Call to ease the lot of rough sleepers


FRANKSTON is the third worst electorate for rough sleeping of all of the state’s 88 electorates, as well as the eighth worst for people living in rooming houses.

The Nepean region – from Rye to Portsea – is the fifth worst regional electorate for “severe crowding” out of all 33 regional electorates. Severe crowding is defined by the Australian Bureau of Statistics as a house where at least four extra bedrooms would be needed to accommodate the occupants. Many have multiple families living under one roof, or multiple adults and children sharing sleeping areas.

Mornington is the 29th worst regional electorate for rough sleeping out of all 33 regional electorates and the 18th worst for rooming houses, and Hastings is the 13th worst regional electorate for rough sleeping and 17th worst regional electorate for couch-surfing.

The figures come from the Council to Homeless Persons. It has released a Homelessness Heat Map which reveals an emerging corridor of homelessness running from Melbourne’s west into the city and along the south eastern metropolitan corridor. It cites the electorates of Melbourne and Footscray as ranking first and second for rough sleeping.

The council says that the 69 per cent increase in stamp duty collected by the state government over the past five years – “amounting to $2.8 billion” – could be directed towards solving Victoria’s “homelessness and affordable housing crisis”.

In the lead-up to the November election, it will be calling on the major parties to adopt its recommendations, which includes adding 3000 social housing properties a year for 10 years, with 1500 being one-and-two bedroom houses for singles, couples or small families.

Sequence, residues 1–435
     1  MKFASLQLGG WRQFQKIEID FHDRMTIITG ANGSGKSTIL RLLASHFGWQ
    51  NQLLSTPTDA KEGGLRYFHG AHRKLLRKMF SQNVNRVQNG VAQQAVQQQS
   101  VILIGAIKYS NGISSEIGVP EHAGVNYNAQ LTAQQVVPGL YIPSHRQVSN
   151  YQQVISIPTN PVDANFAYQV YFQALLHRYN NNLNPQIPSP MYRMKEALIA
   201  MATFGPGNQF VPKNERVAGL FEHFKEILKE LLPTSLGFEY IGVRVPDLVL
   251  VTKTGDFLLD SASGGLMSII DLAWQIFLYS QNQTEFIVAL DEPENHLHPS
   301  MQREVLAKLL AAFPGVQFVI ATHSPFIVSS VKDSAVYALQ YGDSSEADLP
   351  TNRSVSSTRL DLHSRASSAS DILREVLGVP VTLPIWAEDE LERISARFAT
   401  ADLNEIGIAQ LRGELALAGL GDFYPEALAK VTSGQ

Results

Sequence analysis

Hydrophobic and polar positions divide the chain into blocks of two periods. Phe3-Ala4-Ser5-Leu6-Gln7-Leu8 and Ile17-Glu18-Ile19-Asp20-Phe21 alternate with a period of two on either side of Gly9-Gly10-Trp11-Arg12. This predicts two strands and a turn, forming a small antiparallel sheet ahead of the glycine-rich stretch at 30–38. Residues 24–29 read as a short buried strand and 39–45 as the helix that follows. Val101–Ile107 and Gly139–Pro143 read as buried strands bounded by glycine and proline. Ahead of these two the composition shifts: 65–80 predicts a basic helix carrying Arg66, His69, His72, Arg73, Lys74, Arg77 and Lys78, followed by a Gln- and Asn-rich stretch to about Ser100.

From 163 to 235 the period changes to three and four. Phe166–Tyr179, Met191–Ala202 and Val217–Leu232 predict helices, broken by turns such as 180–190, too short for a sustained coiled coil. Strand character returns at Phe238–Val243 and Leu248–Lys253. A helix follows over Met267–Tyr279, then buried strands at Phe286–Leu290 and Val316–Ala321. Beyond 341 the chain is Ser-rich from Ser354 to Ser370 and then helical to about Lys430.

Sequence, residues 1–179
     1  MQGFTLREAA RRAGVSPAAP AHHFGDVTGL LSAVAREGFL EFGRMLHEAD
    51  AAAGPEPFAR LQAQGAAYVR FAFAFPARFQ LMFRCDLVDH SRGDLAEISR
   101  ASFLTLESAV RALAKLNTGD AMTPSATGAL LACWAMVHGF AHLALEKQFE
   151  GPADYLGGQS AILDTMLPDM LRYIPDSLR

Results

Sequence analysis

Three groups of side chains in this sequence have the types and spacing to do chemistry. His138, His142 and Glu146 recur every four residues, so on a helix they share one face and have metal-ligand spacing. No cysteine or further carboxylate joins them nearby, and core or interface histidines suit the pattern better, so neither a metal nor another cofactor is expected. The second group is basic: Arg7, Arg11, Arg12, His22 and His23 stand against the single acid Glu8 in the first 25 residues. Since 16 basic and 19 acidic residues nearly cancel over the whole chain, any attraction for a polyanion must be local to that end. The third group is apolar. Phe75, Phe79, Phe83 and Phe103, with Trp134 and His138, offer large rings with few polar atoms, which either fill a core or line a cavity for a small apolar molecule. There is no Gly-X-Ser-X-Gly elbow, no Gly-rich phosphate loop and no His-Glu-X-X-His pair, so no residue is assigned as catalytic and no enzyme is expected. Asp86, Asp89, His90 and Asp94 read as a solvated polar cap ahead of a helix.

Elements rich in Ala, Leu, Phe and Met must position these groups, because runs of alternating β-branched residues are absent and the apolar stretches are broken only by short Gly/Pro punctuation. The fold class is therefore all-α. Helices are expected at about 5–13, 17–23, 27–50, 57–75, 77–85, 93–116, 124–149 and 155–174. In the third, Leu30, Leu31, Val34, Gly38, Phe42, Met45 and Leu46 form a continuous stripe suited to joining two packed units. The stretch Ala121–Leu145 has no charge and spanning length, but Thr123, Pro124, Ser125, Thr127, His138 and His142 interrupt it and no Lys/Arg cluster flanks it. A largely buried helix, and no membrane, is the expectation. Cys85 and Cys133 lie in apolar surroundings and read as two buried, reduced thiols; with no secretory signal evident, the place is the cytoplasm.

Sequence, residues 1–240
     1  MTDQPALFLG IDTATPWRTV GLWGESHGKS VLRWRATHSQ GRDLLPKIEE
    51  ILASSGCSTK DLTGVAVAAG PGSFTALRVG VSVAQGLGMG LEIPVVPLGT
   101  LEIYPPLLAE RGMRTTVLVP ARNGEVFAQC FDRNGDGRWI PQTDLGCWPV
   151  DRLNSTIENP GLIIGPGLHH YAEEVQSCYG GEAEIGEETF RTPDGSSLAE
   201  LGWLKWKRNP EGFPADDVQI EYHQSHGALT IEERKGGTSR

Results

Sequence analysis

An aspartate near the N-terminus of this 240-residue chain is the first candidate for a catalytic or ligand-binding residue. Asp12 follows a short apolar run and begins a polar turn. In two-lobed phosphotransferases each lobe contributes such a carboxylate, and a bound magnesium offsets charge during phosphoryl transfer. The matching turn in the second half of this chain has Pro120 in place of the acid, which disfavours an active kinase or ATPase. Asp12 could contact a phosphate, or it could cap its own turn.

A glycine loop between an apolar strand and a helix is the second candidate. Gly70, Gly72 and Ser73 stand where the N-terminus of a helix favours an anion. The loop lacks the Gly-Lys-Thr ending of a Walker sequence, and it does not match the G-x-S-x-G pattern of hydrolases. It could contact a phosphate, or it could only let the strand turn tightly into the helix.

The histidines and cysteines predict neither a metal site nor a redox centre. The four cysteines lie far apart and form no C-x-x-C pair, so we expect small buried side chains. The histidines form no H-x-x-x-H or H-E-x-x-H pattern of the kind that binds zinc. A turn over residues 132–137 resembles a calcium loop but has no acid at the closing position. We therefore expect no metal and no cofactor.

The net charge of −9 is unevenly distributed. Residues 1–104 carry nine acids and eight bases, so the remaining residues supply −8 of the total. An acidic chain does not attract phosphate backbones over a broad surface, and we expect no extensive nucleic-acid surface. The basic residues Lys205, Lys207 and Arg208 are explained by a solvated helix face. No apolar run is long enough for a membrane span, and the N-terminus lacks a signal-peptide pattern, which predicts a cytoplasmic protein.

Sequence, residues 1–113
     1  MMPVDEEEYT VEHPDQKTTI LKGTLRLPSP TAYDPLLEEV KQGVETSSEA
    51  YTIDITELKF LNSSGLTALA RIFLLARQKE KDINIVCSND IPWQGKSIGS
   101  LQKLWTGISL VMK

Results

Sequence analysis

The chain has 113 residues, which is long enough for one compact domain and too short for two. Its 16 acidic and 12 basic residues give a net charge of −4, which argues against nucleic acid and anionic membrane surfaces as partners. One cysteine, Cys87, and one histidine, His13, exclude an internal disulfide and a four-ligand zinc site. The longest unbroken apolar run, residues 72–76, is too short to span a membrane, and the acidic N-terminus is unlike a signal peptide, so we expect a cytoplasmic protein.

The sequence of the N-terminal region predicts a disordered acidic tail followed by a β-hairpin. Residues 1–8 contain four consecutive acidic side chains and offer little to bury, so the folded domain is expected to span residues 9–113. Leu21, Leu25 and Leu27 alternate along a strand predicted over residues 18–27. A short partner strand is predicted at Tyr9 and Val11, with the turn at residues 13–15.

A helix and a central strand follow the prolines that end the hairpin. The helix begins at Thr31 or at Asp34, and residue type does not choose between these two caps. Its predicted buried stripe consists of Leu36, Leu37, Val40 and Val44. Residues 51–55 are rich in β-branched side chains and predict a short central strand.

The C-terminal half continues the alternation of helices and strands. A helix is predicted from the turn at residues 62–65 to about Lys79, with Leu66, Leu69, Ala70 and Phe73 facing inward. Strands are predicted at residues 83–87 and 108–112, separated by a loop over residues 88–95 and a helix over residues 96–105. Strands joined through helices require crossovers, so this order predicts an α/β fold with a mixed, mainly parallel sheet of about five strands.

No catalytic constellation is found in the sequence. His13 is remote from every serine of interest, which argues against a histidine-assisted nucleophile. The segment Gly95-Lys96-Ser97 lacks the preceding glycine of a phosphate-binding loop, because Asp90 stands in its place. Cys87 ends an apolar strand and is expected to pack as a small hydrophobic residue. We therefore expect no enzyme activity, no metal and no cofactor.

Other recommendations include supporting renters by paying back rental arrears and providing more legal advice and support; helping those exiting prison and psychiatric units to move into housing rather than remaining homeless, and providing dedicated housing stock and intensive support for rough sleepers “like they do in Finland”.

The council wants a greater focus on youth homelessness, which makes up 40 per cent of the figures in Victoria. It wants rent subsidies for young people leaving refuges, raising the age of young people exiting state care from 18 to 21, and more youth refuges.

On census night, 410 people were counted as homeless in Frankston – with 46 per cent being women.

Twenty-two per cent of Frankston’s homeless are under 25 and 25 per cent are aged 55-plus.

“This data makes it clear that homelessness is not just a city problem,” Council to Homeless Persons acting CEO Kate Colvin said. “Skyrocketing rents and a lack of social housing is driving homelessness in every electorate in Victoria.

“But there are solutions to overcome the crisis. With the right measures in place, we know we can prevent most homelessness, quickly rehouse people who lose their homes, and keep people housed long-term.

“We’ve developed a blueprint for solving homelessness and now we’re looking for the political leadership to implement it.”

First published in the Southern Peninsula News – 25 September 2018


Comments are closed.